The Super Air MIPS from Bell is the open-face version of its Super Air R. It ticks all the boxes as a solid trail lid and offers the extra protection of Spherical MIPS, but that protection comes at a very hefty price.
The Super Air MIPS uses a fusion in-mould polycarbonate shell, and it’s built with varying EPS foam densities, which Bell says manages energy transfer after some impacts better.
It comes with 18 vents, plus an extra four ports at the brow that guide air from your forehead and over your head. The helmet then uses a 'sweat guide' pad design to pull sweat away from the brow and stop it from dripping into your eyes, or onto your glasses.
The big thing here is the unique Flex Spherical + MIPS system, which comes from a collaboration between Bell and MIPS. While not found in many helmets at the moment, Bell previously used it in the Bell Super Air R – the convertible version of this hat.
It's basically MIPS on steroids. Rather than a plastic cradle, Spherical MIPS uses a thick foam cradle with MIPS elastomers, effectively building the system deeper into the helmet. That results in a ball and socket design that offers a lot more movement than regular MIPS.
Bell says that Flex Spherical + MIPS allows designers to better build in ventilation and, of course, offer more protection to the rider. The difference between this and the standard rotational impact system is really clear.
The combination of the slinky Float Fit cradle and the Super Air’s padding makes this helmet an impressively comfy place to be. While it does fit a bit smaller than other medium helmets I’ve tested, it still fits well – but it’s well worth checking your head size against Bell’s size charts.
The Super Air is a pretty hefty chap at 410g, so in terms of weight it's got some stiff competition from the likes of the £150 Lazer Jackal MIPS at 395g or the especially lightweight, £130 Specialized Ambush with ANGI at 300g (both in a size medium).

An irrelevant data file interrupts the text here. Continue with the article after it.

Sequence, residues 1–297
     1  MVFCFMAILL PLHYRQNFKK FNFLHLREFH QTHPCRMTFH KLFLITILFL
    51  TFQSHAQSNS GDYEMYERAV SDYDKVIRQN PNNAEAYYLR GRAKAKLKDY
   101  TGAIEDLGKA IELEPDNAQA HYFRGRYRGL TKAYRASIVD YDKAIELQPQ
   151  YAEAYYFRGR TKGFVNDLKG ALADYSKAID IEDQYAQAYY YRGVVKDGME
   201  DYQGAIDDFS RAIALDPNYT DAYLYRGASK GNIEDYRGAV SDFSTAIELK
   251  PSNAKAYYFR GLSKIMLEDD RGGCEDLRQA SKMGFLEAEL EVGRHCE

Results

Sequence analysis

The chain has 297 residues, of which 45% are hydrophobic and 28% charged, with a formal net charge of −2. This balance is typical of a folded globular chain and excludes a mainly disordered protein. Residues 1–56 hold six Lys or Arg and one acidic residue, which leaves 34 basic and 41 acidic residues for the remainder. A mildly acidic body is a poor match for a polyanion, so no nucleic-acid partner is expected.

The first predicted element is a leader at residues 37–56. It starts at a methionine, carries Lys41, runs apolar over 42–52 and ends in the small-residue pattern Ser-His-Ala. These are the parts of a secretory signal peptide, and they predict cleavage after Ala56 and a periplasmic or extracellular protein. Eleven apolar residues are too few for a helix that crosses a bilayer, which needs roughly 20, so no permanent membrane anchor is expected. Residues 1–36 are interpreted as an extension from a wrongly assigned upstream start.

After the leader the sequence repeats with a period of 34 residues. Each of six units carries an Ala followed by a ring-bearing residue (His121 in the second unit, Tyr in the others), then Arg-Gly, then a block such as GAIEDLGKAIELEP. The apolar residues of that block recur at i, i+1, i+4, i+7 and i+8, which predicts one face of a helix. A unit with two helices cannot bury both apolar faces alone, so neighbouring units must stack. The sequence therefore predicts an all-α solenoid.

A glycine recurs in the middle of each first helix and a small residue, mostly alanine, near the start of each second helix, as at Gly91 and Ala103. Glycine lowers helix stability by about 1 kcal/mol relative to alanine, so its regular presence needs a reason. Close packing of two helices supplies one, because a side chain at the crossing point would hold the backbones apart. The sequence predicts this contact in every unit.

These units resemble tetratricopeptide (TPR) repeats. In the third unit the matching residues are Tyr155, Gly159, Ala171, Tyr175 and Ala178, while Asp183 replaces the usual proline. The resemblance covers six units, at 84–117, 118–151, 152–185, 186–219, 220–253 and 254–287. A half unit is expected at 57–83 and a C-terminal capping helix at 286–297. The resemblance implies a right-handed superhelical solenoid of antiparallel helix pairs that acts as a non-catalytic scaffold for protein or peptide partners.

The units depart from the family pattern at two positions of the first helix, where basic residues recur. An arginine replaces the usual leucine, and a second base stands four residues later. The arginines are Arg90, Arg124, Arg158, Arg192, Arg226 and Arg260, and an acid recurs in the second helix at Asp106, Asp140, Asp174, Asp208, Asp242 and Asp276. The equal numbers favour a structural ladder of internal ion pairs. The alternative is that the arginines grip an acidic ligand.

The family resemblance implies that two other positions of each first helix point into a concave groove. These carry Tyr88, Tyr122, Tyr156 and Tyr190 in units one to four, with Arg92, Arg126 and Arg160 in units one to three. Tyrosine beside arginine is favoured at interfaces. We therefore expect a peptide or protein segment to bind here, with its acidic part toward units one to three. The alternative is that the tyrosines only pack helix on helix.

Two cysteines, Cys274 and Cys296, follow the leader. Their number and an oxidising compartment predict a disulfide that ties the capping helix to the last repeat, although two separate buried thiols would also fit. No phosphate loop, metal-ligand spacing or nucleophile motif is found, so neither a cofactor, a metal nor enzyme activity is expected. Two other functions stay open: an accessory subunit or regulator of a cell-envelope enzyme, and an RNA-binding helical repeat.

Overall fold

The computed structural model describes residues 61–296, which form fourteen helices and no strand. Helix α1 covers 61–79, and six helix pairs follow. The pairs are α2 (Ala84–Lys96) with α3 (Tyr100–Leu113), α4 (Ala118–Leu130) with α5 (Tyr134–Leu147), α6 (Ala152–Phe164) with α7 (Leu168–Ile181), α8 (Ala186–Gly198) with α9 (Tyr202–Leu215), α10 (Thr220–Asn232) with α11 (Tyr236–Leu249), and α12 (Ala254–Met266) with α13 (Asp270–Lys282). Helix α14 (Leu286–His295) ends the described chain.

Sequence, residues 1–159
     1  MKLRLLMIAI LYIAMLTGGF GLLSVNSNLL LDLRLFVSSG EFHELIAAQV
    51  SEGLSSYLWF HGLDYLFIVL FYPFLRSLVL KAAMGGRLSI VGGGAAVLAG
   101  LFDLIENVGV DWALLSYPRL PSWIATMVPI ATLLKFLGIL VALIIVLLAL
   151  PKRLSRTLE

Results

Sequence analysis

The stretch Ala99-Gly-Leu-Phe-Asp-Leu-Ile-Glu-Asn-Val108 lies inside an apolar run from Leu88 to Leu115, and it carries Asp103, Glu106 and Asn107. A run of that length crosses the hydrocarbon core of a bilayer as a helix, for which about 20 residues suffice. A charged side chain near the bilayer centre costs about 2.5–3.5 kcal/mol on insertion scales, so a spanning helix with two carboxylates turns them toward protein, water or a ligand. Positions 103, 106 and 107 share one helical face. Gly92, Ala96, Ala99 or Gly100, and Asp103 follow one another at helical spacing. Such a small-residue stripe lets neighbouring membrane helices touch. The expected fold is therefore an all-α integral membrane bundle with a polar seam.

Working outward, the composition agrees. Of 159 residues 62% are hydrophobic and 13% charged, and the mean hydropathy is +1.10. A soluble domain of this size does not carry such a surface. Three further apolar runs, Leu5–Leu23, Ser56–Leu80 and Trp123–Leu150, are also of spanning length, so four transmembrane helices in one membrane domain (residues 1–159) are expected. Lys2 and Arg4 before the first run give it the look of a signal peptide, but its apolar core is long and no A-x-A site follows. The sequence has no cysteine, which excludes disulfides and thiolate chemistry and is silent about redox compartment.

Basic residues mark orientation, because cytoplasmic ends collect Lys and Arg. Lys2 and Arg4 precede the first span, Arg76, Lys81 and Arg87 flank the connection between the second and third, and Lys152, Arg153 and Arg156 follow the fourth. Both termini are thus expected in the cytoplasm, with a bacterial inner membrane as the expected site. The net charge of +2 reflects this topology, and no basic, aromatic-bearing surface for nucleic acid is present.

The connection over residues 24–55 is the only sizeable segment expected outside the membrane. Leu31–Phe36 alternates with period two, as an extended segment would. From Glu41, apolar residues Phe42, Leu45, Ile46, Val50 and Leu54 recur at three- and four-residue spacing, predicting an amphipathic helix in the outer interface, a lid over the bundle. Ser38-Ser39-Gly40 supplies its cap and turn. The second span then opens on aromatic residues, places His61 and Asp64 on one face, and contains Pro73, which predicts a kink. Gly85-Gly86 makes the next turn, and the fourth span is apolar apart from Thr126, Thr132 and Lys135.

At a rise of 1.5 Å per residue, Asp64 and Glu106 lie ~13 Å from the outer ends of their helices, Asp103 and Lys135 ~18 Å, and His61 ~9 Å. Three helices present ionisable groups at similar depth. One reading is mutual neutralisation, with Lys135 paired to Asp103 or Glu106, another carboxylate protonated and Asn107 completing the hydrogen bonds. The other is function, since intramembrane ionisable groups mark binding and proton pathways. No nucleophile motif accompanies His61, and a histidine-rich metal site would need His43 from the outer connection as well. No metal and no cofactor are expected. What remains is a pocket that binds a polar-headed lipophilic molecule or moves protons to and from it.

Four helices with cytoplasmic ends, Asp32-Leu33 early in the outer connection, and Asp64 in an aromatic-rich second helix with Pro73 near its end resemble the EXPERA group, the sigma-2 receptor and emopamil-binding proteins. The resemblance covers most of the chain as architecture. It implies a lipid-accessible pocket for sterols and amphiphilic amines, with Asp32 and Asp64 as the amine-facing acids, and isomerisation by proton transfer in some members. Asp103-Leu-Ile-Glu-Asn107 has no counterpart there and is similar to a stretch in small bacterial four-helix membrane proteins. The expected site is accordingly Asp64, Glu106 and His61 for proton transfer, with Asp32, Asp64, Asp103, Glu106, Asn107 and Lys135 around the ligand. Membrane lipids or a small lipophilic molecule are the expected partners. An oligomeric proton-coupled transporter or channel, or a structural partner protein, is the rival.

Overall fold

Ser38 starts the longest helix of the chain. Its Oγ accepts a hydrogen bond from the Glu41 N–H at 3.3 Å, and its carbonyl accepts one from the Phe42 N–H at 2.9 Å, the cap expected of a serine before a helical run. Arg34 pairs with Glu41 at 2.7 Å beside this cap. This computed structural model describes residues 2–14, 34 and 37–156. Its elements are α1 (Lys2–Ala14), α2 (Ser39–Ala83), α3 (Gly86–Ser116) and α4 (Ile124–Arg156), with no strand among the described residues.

However, this Bell hides its weight impressively well thanks to its comfortable fit and well-placed padding. I never felt it was too heavy, and it's a perfectly usable trail lid for both long and short rides. However, the Float Fit system can pull on hair at the back of the head when you're taking the hat off.
Those 18 vents do an excellent job of keeping the Super Air cool. Airflow is absolutely noticeable.
The sweat guide pad design works reasonably well too. Sweat interfered with my vision maybe once or twice during my time with the helmet, but it’s definitely less of an issue that with other lids.
In the box is a super-cool GoPro mount that slots into a vent and pops out with a push of a little lever. It's well placed, distributing the extra weight over the whole helmet. This little mount makes it really easy to clip on lights or action cameras; I mounted a GoPro and I was able to put it on and take it off very quickly, so I didn't have to ride around with the extra bulk of the camera the whole time.
There's also a three-position adjustable visor.
Integration with goggles is rather good. The helmet provides a stable base whether they're stowed underneath the visor, or worn on your face. There’s also plenty of room for bigger glasses.
There's also lots of room under the visor to stow your glasses if you don't mind stuffing them arms into the vents, but it's not the most secure place.
If you're worried about buying this version over the Super Air R, then regretting it, fret not. This helmet comes with all the mounts for the chin bar, so you can add one later for £80 (for a total that's only £5 more than a whole Super Air R).
I really like the Bell Super Air MIPS because in its simple but effective design it's a flawless trail helmet. It's comfortable, cool and I think it looks pretty good, but unless you're really after Spherical MIPS (which can also be found on the much cheaper Giro Tyrant Spherical Dirt Helmet), it's tricky to justify this lid's very serious price tag.
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